Most of the Minneapolis Public Schools board met in secret on Thursday for a leadership-building meeting, saying the personal issues on the agenda didn’t warrant open-meeting status.

Minneapolis schools closed the meeting hours before its start, citing precedence from across the river. In November, state Department of Administration Commissioner Matthew Massman issued a ruling that St. Paul Public Schools could conduct closed meetings on topics including problem-solving and communications among members with a facilitator — as long as they don’t touch on board business.

St. Paul schools wouldn’t overstep the state’s open meetings law “if they are not ‘gathering to discuss, decide or receive information as a group relating to ‘the official business’ of the governing body,’ ” Massman said in his opinion.

On the agenda for Thursday’s board retreat was leadership capacity building, including how the board works together, said school board Chairwoman Rebecca Gagnon.

“You can have a freer conversation if there’s not people sitting and listening and jotting notes, and potentially writing a story,” she said in a hallway at the start of the meeting.

The meeting was publicly noticed on Monday afternoon as an open meeting, and the subject was tentatively described as “individual board member profile and assessment.”

On Thursday morning, board executive assistant Jennifer Lindquist sent an e-mail that the open meeting was canceled. The meeting continued in a closed session Thursday evening. Gagnon asked two reporters who entered the room to leave.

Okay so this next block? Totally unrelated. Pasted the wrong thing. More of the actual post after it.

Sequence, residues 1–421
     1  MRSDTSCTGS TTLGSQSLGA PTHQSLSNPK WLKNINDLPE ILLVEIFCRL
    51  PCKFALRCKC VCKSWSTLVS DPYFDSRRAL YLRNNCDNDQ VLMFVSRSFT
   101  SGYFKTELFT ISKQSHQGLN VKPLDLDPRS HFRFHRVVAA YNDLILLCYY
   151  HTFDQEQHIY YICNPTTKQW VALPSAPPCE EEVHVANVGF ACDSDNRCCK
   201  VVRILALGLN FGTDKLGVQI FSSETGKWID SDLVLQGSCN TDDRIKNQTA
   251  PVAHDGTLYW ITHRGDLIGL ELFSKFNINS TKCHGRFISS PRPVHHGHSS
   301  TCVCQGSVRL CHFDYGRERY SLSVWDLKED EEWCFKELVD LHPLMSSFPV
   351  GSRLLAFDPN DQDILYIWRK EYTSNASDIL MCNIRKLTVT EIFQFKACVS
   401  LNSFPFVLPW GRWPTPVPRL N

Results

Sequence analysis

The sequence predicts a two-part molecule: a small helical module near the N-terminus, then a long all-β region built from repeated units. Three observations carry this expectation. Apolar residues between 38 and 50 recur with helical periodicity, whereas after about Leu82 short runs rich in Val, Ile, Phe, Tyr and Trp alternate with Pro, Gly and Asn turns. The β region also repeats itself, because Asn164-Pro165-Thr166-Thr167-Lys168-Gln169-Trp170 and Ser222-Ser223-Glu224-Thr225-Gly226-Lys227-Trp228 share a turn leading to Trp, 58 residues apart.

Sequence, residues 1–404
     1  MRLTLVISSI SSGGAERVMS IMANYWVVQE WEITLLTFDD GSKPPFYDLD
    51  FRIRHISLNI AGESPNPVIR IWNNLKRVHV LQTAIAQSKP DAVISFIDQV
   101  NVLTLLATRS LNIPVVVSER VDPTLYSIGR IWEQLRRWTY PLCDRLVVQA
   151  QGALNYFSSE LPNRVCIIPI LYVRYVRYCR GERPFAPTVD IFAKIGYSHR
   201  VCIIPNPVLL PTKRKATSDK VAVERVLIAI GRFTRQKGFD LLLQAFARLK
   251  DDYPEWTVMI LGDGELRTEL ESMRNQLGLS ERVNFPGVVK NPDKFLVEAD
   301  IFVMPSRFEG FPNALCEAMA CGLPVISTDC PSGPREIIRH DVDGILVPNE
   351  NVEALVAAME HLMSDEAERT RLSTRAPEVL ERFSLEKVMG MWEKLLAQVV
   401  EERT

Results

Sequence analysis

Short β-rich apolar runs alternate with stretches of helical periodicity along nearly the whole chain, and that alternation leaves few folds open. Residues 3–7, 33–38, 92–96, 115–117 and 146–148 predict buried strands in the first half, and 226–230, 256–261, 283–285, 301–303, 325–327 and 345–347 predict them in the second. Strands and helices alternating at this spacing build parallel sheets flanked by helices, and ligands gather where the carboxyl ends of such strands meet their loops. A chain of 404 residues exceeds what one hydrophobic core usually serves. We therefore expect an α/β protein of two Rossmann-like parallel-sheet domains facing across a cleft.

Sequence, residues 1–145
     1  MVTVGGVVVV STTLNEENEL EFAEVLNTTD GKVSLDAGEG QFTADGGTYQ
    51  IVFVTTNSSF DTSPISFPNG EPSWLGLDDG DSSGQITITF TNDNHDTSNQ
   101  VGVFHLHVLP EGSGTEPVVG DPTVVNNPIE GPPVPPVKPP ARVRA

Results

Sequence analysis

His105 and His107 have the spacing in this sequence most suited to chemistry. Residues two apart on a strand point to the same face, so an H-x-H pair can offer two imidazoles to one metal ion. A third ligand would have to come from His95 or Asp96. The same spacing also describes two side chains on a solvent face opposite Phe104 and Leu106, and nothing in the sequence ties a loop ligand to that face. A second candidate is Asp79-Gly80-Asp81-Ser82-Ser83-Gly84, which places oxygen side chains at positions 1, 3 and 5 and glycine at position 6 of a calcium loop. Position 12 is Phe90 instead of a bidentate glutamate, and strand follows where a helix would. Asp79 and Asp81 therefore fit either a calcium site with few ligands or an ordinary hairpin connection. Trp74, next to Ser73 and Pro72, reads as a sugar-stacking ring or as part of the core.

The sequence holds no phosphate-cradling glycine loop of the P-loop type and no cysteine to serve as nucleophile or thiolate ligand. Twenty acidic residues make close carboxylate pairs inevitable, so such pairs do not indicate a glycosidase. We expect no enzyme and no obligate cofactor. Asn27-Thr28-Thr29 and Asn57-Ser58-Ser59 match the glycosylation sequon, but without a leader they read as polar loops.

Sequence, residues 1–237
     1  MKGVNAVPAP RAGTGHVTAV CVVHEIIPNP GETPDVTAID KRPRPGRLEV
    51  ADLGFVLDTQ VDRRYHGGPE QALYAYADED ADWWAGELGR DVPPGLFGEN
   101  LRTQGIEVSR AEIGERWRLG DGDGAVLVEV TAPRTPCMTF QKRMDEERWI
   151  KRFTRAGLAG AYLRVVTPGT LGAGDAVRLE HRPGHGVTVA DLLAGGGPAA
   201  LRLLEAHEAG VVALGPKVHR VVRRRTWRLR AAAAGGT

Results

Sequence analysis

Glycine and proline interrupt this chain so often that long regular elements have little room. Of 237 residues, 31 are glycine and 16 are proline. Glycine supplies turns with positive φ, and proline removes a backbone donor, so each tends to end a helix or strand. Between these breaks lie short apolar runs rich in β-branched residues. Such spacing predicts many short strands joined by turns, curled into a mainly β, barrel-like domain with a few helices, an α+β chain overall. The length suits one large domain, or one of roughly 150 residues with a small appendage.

The session was facilitated by Jonathan Bucki and Yoshiko Chino of Dendros Group, facilitators selected by Gagnon. In addition to the board members, Superintendent Ed Graff and school board administrator Jesse Winkler were also in the meeting.

The agenda included conversations about barriers to “advancing our shared work,” as well as time for reflection. There was no district business on the agenda, said Tonya Tennessen, the district’s chief communications director. Legal counsel reviewed it, she said.

“Tonight’s conversation is about coming together as a new board and enhancing constructive, working relationships,” she said in an e-mail.

The Minneapolis school board has previously discussed personal issues during board retreats, which are typically publicly noticed meetings. At an August retreat’s team-building activity, members talked about how their experiences helped form their educational views.

This iteration of the school board is still in its infancy. Board members Ira Jourdain, KerryJo Felder and Bob Walser officially joined the board on the same January evening that Gagnon was elected chairwoman.

A 2015 Star Tribune article found through e-mails that district officials had taken the trouble to make sure that the state’s open meeting laws wouldn’t be set off by informational sessions.

Former Minneapolis school board chairman Tom Madden said he isn’t a fan of the closed meeting. When he was in charge of the board, he said, the board worked through personality types in public.

“The more you can have everything out in public, the more you have 100 percent trust from the public,” he said.